Though it’s been 15 years, I still remember my youngest son’s first Halloween costume. Because he was too young to walk, the choices were limited to things that could be carried under one arm and then planted on the doorstep. Eventually, I narrowed the options down to the following:
A legless pirate.
When considering the merits of each costume option and which elements should be incorporated into them, parents really have only one consideration:
“How do I get the most candy out of my child?”
To me, the sympathy factor for the legless pirate made it a no-brainer. However, I couldn’t overlook the power of cuteness — a quality that was missing from the legless pirate and meteor concepts. I eventually settled on “The Pumpkin, which I’m sad to say, fell short of my candy-yield expectations for that year.
To make matters worse, that was also the year my oldest daughter became an active member of Young Advocates for Keeping Kandy (YAKK). Continue reading Emotionally scarring your children is the Halloween ‘circle of life’
I’ll never forget how I felt this day 15 years ago as an American, a firefighter and as a father — and how each held its own kind of hurt that has never completely healed.
But of the three, being a father watching the sparkle in my then six-year-old daughter’s eyes noticeably fade just a bit continues to be the memory that lingers most. Each year on this day, I post this in memory of those innocent lives that were lost, as well as for the loss of innocence we all experienced in some way or another…
My alarm clock went off the same as it always did back then, coming to life with the morning news — my preference over the annoying, high-pitched alternative of chatter. Instinctively, I swatted the snooze button and bought myself another seven minutes of sleep.
In the years since, I’ve thought a lot about those seven minutes, and how the simple push of a button postponed a bitter reality for just a little longer. When the news came on again, word of the first airliner crashing into the World Trade Center stopped my hand just short of another seven minutes of blissful ignorance — a time span that now seems like an eternity.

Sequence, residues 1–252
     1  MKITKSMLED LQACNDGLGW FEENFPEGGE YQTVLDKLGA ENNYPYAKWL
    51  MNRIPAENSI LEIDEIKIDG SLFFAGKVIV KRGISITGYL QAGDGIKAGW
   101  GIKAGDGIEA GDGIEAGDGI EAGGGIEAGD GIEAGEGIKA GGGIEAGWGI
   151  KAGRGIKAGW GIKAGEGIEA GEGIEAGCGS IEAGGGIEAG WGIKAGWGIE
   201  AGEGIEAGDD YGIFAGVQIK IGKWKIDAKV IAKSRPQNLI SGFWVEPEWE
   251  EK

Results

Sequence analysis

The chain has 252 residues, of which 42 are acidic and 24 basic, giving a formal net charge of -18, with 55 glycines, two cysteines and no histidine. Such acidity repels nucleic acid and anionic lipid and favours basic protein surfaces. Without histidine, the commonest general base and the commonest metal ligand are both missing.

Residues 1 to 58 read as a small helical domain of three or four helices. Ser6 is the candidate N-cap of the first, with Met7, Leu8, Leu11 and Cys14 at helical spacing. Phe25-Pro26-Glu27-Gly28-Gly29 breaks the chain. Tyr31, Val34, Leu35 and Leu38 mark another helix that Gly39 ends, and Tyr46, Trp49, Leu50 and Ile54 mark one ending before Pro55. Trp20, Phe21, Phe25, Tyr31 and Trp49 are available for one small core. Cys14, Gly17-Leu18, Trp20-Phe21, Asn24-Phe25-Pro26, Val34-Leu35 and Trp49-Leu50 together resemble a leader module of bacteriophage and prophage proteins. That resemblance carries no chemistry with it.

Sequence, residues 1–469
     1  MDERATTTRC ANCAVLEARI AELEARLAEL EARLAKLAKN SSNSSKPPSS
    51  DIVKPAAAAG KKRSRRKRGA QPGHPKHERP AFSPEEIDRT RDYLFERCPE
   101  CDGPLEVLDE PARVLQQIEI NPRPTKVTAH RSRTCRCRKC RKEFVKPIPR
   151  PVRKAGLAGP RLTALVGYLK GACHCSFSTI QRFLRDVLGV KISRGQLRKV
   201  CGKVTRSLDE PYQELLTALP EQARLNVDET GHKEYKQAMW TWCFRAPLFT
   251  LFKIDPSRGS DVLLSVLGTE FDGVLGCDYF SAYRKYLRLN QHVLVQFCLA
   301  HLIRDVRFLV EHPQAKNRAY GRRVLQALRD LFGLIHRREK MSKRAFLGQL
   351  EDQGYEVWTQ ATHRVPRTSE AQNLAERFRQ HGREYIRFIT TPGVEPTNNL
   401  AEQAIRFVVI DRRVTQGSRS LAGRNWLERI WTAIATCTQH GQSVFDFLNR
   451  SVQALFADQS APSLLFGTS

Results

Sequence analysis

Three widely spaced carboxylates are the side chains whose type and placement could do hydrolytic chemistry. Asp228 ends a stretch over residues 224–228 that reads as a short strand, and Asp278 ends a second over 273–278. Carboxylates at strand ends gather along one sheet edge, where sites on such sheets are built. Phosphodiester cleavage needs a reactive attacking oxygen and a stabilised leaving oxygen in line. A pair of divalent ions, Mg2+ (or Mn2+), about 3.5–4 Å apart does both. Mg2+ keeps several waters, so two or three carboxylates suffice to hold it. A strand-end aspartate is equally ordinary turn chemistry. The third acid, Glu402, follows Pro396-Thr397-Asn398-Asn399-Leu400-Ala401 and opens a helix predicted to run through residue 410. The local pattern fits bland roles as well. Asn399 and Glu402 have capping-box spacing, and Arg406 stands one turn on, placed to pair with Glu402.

Lying there, listening to the details, I regretted not pushing the button one more time.
A hundred more times.
In that same moment, I also understood that the impassive gaze of terrorism could only be averted for so long, and that, eventually, I’d have to meet it — along with the questioning gaze of my daughter. Continue reading Seven more minutes of childhood: a father’s wish on 9-11
I met Robert M. Goldstein two years ago at The Public Blogger, when we were both competing in “A Star is Born.”
I was immediately impressed not only by his talent, but also his integrity and commitment as an artist.
I’m honored to be his guest today, talking about writing, why I’m such a firm believer in the importance of humor, and baring my soul a little. In case you’re worried, I promise my soul is the only thing I’m baring today.
I hope to see you there, by clicking right here…
I generally only watch nature shows on television when I want to appear as though I’m educating myself about something important, like the plight of the prematurely balding Rogainian monkey, when in fact I’m actually planning to do an independent study of the REM sleeping pattern on our couch.